Telephone Counselling

Sexual Assault Counselling Australia provides counselling, information and referral:

The service is available from 8am to 11pm (AEDT), Monday to Friday.

Call: 1800 211 028

A free telephone interpreting service is available. Please let the counsellor know if you require an interpreter and we will arrange it for you.

Making, or considering making, a statement to the Royal Commission?

Making a statement to the Royal Commission about something that happened, or was witnessed, can be challenging.

The trauma specialist counsellors at Sexual Assault Counselling Australia can assist in weighing up whether or not to make a statement to the Royal Commission. They can assist in preparing to make a statement to the Royal Commission. They can also assist in managing the impacts of childhood trauma. The counsellors will always respect the decision made by their client and will not pressure anyone into either making a statement, or not making a statement. 

Counselling support to manage the impact of childhood sexual assault trauma?

Child sexual abuse is traumatic and harmful to children. The longer the abuse continues, the more serious the effects. Children often develop amazing strategies to help them resist and/or survive the abuse. These strategies can sometimes cause other problems for them. Adults who were sexually abused as children may:

  • have trouble trusting others; 
  • have trouble making and keeping friends; 
  • have poor self esteem; 
  • be self-destructive and/or aggressive; 
  • engage in risk taking behaviour; 
  • be confused about their identity and sexuality; 
  • have trouble learning and concentrating; 
  • find it difficult to express their needs;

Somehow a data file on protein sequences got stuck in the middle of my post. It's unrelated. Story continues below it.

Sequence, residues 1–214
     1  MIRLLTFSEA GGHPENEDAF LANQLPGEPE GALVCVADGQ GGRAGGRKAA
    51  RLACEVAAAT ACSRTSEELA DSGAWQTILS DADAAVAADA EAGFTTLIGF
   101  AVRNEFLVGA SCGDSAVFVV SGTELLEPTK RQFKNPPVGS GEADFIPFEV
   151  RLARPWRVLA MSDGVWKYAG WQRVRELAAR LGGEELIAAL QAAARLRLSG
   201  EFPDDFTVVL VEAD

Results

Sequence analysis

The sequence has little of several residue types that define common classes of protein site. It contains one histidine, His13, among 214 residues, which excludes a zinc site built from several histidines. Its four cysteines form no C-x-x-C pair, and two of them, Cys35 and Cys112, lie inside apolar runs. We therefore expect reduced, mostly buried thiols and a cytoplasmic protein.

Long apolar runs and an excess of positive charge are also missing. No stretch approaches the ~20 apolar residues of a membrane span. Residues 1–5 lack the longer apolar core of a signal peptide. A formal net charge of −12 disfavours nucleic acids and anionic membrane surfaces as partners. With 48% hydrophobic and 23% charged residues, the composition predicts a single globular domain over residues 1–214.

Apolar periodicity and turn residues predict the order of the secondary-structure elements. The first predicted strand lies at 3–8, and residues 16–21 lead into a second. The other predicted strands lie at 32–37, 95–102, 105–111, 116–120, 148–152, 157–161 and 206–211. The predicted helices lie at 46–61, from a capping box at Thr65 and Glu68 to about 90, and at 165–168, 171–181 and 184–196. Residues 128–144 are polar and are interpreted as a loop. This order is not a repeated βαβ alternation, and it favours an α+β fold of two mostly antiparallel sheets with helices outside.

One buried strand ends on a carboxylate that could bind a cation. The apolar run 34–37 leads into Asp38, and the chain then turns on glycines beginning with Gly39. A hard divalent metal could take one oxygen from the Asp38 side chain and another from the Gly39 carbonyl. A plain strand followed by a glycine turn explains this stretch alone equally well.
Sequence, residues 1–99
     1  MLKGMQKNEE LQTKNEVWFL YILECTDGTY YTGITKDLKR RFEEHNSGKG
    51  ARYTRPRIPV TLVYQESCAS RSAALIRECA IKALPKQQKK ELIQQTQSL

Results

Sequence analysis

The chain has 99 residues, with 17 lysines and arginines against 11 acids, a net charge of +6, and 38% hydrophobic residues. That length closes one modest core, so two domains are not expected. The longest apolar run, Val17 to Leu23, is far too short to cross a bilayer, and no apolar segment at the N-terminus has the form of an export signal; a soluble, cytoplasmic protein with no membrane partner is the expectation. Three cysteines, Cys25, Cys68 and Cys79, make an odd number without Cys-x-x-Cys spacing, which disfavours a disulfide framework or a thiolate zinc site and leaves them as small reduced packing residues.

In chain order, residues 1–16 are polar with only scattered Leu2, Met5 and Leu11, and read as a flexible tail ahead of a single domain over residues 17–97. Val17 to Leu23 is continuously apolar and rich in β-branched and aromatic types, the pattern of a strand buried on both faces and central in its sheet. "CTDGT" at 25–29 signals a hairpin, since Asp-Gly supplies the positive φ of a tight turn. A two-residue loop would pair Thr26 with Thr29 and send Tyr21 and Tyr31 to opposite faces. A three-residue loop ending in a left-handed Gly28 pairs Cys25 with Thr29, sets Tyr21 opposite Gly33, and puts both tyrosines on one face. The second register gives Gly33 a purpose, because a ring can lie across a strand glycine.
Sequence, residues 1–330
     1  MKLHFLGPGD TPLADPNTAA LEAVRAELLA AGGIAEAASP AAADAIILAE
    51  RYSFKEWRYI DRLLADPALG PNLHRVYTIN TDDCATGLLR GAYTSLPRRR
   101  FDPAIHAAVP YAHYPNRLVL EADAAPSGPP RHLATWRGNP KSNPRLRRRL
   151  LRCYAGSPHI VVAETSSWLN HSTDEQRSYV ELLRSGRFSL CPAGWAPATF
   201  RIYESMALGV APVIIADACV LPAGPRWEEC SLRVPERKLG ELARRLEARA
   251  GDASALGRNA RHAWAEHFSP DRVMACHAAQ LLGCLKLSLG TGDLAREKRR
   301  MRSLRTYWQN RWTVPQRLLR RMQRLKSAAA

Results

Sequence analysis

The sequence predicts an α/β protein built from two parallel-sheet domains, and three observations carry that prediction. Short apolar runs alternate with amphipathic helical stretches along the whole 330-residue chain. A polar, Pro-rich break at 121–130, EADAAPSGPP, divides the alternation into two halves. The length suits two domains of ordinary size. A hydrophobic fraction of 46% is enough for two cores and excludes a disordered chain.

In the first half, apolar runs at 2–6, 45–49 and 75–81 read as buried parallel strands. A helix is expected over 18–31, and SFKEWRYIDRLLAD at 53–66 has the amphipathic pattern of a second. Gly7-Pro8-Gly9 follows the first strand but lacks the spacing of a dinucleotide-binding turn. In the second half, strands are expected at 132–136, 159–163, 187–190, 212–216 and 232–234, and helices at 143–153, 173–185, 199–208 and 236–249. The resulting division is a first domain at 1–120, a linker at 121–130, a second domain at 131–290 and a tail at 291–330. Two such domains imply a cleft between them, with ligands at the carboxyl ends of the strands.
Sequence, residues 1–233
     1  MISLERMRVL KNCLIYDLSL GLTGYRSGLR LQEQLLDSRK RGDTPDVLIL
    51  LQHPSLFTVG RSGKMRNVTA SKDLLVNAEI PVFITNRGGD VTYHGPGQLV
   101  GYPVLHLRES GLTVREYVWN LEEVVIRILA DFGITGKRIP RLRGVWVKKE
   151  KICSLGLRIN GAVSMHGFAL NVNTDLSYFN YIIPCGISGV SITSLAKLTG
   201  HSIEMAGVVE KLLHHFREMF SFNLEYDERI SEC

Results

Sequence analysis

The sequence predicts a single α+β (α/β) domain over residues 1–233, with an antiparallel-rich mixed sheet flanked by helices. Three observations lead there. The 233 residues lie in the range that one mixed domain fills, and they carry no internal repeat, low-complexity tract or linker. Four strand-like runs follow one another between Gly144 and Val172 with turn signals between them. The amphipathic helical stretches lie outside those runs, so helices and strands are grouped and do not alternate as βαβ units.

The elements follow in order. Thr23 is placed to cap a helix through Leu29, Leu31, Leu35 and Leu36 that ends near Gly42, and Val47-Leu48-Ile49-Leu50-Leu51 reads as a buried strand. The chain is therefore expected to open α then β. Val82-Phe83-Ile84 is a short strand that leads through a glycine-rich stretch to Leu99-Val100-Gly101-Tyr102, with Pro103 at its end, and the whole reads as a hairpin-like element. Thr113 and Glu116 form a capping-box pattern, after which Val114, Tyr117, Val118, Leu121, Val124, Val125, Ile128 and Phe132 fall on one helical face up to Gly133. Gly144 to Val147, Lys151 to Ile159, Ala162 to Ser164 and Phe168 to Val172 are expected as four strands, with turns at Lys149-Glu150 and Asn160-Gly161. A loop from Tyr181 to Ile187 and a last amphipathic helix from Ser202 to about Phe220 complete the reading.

• have high expectations of themselves; 
  • develop mental health problems; and/or 
  • abuse drugs and alcohol.

Counselling can help. It can’t take away what happened. But it can help to make it easier to live with. For some people counselling is about learning new strategies to cope. For some it is about telling the story, and feeling heard. For some it is about processing the trauma in order to grieve. For others it is about reclaiming their world. Sometimes counselling can help someone through all these stages.

The trauma specialist counsellors at Sexual Assault Counselling Australia can help in working out what someone may need from counselling and develop a plan. Face to face counselling can be for a relatively short time (for example 3 months) or it might be for a couple of years. Telephone counselling might be a one off, or it could continue for much longer.

For those supporting someone who is participating in the Royal Commission?

Supporting someone who has experienced trauma in childhood can be challenging. It can be difficult to:

  • know what to say; 
  • avoid the ‘why’ questions; 
  • believe everything that is being said; 
  • not get angry (at the perpetrator or at the person who experienced the abuse); 
  • keep trusting people; 
  • keep the energy going and not feel worn out by it all; and/or to
  • stop thinking about it.

There can be many challenges. A supporter can find that they begin to be affected by hearing the story of someone else's trauma. This is called vicarious trauma, and the symptoms can be very similar to those experienced by the person who experienced the trauma first hand.

Trauma specialist counsellors at Sexual Assault Counselling Australia can explain about the impacts of child sexual abuse and help supporters to work out what to say and do. The counsellors can also assist in developing an awareness of vicarious trauma and help in the development of a plan for self care. The better care supporters take of themselves, the more they will be able to help the person who was abused.